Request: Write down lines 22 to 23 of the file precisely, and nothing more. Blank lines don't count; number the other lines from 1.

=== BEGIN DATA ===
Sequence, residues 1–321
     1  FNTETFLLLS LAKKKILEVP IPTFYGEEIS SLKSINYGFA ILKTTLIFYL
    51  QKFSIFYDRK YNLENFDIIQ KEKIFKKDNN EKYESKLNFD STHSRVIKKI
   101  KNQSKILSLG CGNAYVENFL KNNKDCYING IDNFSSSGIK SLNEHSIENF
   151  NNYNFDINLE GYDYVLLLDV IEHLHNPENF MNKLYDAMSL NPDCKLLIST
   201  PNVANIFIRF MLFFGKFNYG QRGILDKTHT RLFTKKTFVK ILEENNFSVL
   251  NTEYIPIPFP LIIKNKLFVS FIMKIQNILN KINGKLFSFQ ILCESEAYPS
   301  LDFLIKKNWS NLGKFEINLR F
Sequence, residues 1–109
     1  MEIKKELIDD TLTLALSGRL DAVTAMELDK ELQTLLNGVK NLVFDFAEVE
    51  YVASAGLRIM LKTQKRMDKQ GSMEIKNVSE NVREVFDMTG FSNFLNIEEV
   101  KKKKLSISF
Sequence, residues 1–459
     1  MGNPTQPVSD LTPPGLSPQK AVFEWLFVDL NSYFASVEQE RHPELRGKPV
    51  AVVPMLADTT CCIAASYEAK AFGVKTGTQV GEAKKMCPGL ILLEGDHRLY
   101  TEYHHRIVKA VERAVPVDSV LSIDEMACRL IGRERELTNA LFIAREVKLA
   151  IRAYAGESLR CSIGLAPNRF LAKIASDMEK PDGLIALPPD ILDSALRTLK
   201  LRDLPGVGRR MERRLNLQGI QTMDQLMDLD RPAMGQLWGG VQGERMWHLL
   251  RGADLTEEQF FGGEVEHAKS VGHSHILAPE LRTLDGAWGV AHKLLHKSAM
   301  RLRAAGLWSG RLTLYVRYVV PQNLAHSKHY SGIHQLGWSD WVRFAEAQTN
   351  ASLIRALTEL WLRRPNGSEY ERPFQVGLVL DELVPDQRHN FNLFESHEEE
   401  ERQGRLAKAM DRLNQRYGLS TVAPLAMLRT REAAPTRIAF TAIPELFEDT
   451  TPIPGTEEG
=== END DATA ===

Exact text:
   401  ERQGRLAKAM DRLNQRYGLS TVAPLAMLRT REAAPTRIAF TAIPELFEDT
   451  TPIPGTEEG